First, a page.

Stations of the Cross

The Stations of the Cross were commissioned by St. Thomas Episcopal Church in Lancaster, PA and were completed in the spring of 2005.

 

This commission gave me the opportunity to apply my own contemporary vision to an artistic form that dates back to the 13th century.

 

For both aesthetic and conceptual reasons, I felt it imperative to work with a variety of models—a total of eleven, culled from a wide range of ages and ethnicities. I wanted the narrative of Christ’s passion and death to be represented in a way that is tensioned between the “specific” and the “universal.” The mixture of models and the anonymity implied by the fragmented figures push the imagery toward representation of the human community in its universal aspect (often called in theological terms “the mystical body of Christ”).

 

The Stations were cast from life into Hydrocal FGR 95 and are 24" square. Two sets were made: one resides permanently at the parish. The other set has been exhibited at Allegheny College in Meadville, PA; the Narthex Gallery at Saint Peter's Lutheran/ Citicorp Center and the National Museum of Catholic Art and History in NYC, the Philadelphia Episcopal Cathedral, and Memorial Hall at the Basilica of the National Shrine of

the Immaculate Conception in Washington, DC.

 

In 2015, in conjunction with Pope Francis's visit to Philadelphia, I participated in an exhibition at the Globe Dye Works, a defunct factory now used for art exhibitions. I showed the master "patterns," i.e. the assembled forms from which the fabricators made the molds and cast the positives for the commission. These patterns bear the scars of the production process: the discoloration of the lacquer sealants, cracks, chips and broken fingers.The patterns were positioned around the industrial machinery in a manner reminiscent of the Museo Centrale Montemartini, another former industrial space in Rome.

 

The Stations at St. Thomas

The Stations at St. Thomas

Composite panorama of the Stations as commissioned by St. Thomas Episcopal Church in Lancaster, PA.

The Stations at St. Thomas

The Stations at St. Thomas

Two of the Stations as commissioned by St. Thomas Episcopal Church in Lancaster, PA.

The Stations at the NMCAH

The Stations at the NMCAH

Exhibition of the second set of the Stations at the National Museum of Catholic Art and History in New York City. View shown here with sculpture by Muriel Castanis.

Jesus is condemned to death

Jesus is condemned to death

Hydrocal FGR 95; each panel measures 24” x 24” with the depth varying from 2” to 9"; 2005

Jesus takes up his cross

Jesus takes up his cross

Hydrocal FGR 95; each panel measures 24” x 24” with the depth varying from 2” to 9"; 2005

Jesus falls the first time

Jesus falls the first time

Hydrocal FGR 95; each panel measures 24” x 24” with the depth varying from 2” to 9"; 2005

Jesus meets his mother

Jesus meets his mother

Hydrocal FGR 95; each panel measures 24” x 24” with the depth varying from 2” to 9"; 2005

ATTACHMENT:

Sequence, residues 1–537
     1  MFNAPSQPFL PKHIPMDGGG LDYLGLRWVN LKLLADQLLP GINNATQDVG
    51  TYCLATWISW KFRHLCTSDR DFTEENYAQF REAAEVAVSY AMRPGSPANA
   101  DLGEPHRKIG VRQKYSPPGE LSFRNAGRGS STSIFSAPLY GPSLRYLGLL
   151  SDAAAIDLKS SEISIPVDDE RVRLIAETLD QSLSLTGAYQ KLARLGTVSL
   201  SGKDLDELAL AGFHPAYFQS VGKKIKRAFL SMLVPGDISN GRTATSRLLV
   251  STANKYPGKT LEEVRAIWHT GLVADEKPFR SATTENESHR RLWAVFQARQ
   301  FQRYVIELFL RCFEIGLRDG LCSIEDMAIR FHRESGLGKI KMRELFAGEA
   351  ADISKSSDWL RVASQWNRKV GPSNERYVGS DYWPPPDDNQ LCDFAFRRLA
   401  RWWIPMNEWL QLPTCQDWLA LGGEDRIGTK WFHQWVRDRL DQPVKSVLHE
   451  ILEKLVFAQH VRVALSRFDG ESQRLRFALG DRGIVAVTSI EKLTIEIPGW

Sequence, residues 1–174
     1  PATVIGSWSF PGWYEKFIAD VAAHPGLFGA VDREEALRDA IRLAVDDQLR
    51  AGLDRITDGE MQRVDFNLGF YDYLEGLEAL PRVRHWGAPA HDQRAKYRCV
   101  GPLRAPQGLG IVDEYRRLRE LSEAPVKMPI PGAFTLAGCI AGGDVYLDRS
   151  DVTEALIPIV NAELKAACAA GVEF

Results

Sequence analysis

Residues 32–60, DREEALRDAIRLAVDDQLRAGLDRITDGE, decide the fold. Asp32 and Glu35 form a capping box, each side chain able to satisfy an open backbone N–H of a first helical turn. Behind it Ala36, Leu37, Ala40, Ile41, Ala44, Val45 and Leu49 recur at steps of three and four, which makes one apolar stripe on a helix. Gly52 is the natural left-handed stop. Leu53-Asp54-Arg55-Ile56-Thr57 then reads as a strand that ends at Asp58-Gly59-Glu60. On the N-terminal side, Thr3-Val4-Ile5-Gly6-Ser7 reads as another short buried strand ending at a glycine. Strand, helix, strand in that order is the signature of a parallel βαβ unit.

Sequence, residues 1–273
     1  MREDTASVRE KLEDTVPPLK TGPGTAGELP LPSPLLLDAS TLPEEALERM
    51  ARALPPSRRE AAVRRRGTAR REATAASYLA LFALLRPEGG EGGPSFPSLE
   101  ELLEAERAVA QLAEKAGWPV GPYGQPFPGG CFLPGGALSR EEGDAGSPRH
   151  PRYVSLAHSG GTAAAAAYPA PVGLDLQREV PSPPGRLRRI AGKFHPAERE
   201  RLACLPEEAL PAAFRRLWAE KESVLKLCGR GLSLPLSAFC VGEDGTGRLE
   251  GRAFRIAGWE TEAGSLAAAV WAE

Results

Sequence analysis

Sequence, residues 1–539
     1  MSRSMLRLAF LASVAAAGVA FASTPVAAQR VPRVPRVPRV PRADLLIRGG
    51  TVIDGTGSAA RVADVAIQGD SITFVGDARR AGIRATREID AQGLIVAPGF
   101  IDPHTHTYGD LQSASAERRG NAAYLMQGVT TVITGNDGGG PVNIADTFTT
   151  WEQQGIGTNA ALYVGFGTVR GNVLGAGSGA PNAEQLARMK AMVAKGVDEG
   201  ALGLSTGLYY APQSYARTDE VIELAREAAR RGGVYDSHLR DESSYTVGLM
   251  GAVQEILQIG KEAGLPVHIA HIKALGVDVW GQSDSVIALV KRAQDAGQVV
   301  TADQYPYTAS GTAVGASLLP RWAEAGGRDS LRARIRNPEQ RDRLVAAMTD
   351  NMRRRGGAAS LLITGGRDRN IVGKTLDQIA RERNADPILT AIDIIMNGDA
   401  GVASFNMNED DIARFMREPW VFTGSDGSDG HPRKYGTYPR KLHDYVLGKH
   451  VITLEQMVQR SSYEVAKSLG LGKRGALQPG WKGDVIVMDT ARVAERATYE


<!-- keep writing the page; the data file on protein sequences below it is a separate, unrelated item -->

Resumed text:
Simon, Cyrene, helps carry the cross

Simon, Cyrene, helps carry the cross

Hydrocal FGR 95; each panel measures 24” x 24” with the depth varying from 2” to 9"; 2005

A woman wipes the face of Jesus

A woman wipes the face of Jesus

Hydrocal FGR 95; each panel measures 24” x 24” with the depth varying from 2” to 9"; 2005

Jesus falls a second time

Jesus falls a second time

Hydrocal FGR 95; each panel measures 24” x 24” with the depth varying from 2” to 9"; 2005

Jesus meets the women of Jerusalem

Jesus meets the women of Jerusalem

Hydrocal FGR 95; each panel measures 24” x 24” with the depth varying from 2” to 9"; 2005

Jesus falls the third time

Jesus falls the third time

Hydrocal FGR 95; each panel measures 24” x 24” with the depth varying from 2” to 9"; 2005

Jesus is stripped of his garments

Jesus is stripped of his garments

Hydrocal FGR 95; each panel measures 24” x 24” with the depth varying from 2” to 9"; 2005

Jesus is nailed to the cross

Jesus is nailed to the cross

Hydrocal FGR 95; each panel measures 24” x 24” with the depth varying from 2” to 9"; 2005

Jesus dies on the cross

Jesus dies on the cross

Hydrocal FGR 95; each panel measures 24” x 24” with the depth varying from 2” to 9"; 2005

Jesus’ body is taken down from the c

Jesus’ body is taken down from the c

Hydrocal FGR 95; each panel measures 24” x 24” with the depth varying from 2” to 9"; 2005

Jesus’ body is placed in the tomb

Jesus’ body is placed in the tomb

Hydrocal FGR 95; each panel measures 24” x 24” with the depth varying from 2” to 9"; 2005

Via Crucis

Via Crucis

Installation of the master patterns from the Stations of the Cross at the Globe Dye Works in Philadelphia. Hydrostone, wood, plastic netting and amber shellac.

Via Crucis

Via Crucis

Installation of the master patterns from the Stations of the Cross at the Globe Dye Works in Philadelphia. Hydrostone, wood, plastic netting and amber shellac.

Via Crucis

Via Crucis

Installation of the master patterns from the Stations of the Cross at the Globe Dye Works in Philadelphia. Hydrostone, wood, plastic netting and amber shellac.

Via Crucis

Via Crucis

Installation of the master patterns from the Stations of the Cross at the Globe Dye Works in Philadelphia. Hydrostone, wood, plastic netting and amber shellac.

Listen to Peter Crimmins' review

of the Globe Dye Works

exhibition on WHYY

All artwork on this site © Virginia Maksymowicz.

Most photographs are by Blaise Tobia or Virginia Maksymowicz

other photos are credited.

Some works are collaborative.

Some permissions for use and distribution

available through a Creative Commons License

Attribution - NonCommercial - NoDerivs 3.0